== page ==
In the past 30 years, there have been over 4500 articles on mental depression in psychology literature, according to Barbara Ehrenreich, author of Dancing in the Streets. In that same time, there have been about 400 articles in the professional literature about joy. In her new book, the author sets out to examine the little studied subject of collective joy or community celebration.
In Dancing in the Streets, Ehrenreich presents a social history of fairs, festivals, carnivals, and other mass gatherings. She starts by examining ancient and primitive communities, presenting evidence that celebratory gatherings helped bind people together. She also contends that primitive celebrations of third world tribes were (are) not so wild and uncontrolled as judgmental first world observers have reported. Tribal celebrations are guided by strict traditions. Singers learn their parts, and dancers learn their steps. Costumes take months to create. Young people are taught by their elders approved behaviors. Tribal events that Freudian psychologists labeled as mass mental illness are seen by sociologists as reasonable group behavior.
Throughout the book Ehrenreich returns to rites celebrating Dionysus. Though there was a flowing of wine and much dancing, she says the behavior at this events has been unfairly described by many scholars as hysteria. There were rules to which celebrants adhered.
The author tells much about the development of carnivals and festivals. For many years in Christian churches, there were no pews and services involved dancing and more participation by the congregations. During medieval times as there grew more stratification of society, mocking of the clergy by lower ranking members during such services led to the expulsion of celebrations from the building. This led to secular festivals held in squares and other public areas. Church and government officials struggled to regulate these events, which did lead to rioting and revolution in some cases.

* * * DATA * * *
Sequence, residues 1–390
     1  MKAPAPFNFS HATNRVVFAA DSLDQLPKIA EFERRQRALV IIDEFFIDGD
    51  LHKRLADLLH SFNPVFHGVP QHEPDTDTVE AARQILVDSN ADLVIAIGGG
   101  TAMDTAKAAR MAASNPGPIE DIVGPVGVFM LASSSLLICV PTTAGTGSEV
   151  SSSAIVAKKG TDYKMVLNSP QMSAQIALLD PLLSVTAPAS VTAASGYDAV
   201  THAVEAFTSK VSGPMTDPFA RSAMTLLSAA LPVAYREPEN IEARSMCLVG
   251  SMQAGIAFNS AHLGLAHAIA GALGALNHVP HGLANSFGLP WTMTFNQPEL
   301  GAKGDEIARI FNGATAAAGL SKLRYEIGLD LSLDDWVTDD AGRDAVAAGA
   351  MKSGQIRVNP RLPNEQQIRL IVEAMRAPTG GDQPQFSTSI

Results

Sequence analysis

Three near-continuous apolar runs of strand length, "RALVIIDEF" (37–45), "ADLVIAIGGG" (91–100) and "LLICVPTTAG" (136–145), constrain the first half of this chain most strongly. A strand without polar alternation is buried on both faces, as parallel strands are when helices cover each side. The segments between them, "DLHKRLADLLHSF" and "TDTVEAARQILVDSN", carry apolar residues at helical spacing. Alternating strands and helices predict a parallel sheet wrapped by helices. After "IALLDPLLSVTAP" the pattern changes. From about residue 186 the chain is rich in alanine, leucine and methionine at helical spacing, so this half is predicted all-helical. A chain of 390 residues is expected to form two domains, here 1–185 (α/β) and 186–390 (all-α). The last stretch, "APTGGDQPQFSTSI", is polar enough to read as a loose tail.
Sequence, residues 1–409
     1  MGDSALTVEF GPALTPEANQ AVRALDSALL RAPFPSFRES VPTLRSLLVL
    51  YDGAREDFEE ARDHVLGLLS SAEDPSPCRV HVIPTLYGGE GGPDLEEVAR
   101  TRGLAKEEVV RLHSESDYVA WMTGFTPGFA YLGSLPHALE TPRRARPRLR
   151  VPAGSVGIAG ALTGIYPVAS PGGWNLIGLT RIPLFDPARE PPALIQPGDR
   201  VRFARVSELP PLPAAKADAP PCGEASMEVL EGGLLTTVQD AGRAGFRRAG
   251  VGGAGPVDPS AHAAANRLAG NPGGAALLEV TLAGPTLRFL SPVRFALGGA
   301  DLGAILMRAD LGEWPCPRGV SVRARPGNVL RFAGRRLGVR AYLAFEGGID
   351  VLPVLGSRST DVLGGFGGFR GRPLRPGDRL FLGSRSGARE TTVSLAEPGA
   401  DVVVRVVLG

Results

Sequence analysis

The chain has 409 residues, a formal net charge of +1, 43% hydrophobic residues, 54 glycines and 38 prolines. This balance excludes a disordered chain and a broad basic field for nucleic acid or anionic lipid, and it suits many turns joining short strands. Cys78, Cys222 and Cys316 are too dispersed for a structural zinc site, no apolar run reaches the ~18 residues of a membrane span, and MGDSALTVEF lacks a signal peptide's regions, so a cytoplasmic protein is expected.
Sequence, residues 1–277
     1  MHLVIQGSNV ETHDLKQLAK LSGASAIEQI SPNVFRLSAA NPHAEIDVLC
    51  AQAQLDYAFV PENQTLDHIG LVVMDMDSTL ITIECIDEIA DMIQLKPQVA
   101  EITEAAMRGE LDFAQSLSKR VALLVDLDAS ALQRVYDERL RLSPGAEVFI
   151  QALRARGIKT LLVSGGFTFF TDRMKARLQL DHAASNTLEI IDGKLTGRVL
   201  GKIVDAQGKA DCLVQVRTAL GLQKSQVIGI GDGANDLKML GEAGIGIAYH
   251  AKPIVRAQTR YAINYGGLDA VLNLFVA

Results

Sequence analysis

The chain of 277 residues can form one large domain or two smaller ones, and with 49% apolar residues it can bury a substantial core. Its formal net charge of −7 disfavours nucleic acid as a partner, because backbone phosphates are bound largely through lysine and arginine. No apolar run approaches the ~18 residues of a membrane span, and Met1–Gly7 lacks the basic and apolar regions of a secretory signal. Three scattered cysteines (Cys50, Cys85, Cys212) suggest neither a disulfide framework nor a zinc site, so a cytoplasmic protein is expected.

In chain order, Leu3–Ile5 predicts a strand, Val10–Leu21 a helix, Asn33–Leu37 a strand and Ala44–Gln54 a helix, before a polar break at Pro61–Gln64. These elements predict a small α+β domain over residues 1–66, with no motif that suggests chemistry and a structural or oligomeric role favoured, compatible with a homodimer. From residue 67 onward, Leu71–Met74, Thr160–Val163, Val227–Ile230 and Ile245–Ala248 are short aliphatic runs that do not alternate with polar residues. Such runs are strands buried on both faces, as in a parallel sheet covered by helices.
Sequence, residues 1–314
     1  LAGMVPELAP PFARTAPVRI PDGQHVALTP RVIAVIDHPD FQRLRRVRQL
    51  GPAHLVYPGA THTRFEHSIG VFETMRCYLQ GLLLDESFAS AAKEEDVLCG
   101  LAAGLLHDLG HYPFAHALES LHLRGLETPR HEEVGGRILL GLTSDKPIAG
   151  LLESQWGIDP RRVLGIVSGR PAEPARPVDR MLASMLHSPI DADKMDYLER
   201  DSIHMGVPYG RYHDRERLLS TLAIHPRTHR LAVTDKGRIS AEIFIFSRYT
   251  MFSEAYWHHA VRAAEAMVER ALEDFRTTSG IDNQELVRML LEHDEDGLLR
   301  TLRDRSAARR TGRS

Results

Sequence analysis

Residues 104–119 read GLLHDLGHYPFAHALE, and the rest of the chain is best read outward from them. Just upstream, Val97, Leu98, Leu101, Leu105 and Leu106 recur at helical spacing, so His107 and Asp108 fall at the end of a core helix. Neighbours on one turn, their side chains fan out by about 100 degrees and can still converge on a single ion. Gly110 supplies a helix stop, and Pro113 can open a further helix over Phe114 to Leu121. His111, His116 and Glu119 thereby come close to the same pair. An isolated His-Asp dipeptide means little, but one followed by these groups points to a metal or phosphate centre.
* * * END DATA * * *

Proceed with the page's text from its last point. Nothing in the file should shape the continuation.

Ehrenreich includes an interesting chapter on rallies in Nazi Germany. She contends that these were not true festivals, for everything was reheared and scripted by Nazi officials. There was no real feasting by common people and certainly no joy. In contrast, the folk and rock music events of the 1960s were real festivals as attendees stood, sang with the songs, and danced in the aisles, much to the dismay of ushers and police assigned to control crowds.
When I first received the advance reader's copy of Dancing in the Streets, I thought it was a departure from the author's works, including Nickel and Dimed and Bait and Switch. I see now that she has also written other social histories, including Blood Rites: Origins and History of the Passion of War. Also, I see that throughout her works, she is concerned with the stratification of society and the abuse of the working class by the rich or powerful. In Dancing in the Streets, she contends that social elites still often oppose working class festivals.
Dancing in the Streets will be an interesting and worthy addition to many library collections.
Ehrenreich, Barbara. Dancing in the Streets: A History of Collective Joy. New York: Metropolitan Books, 2006. Available January 2007. ISBN 0805057234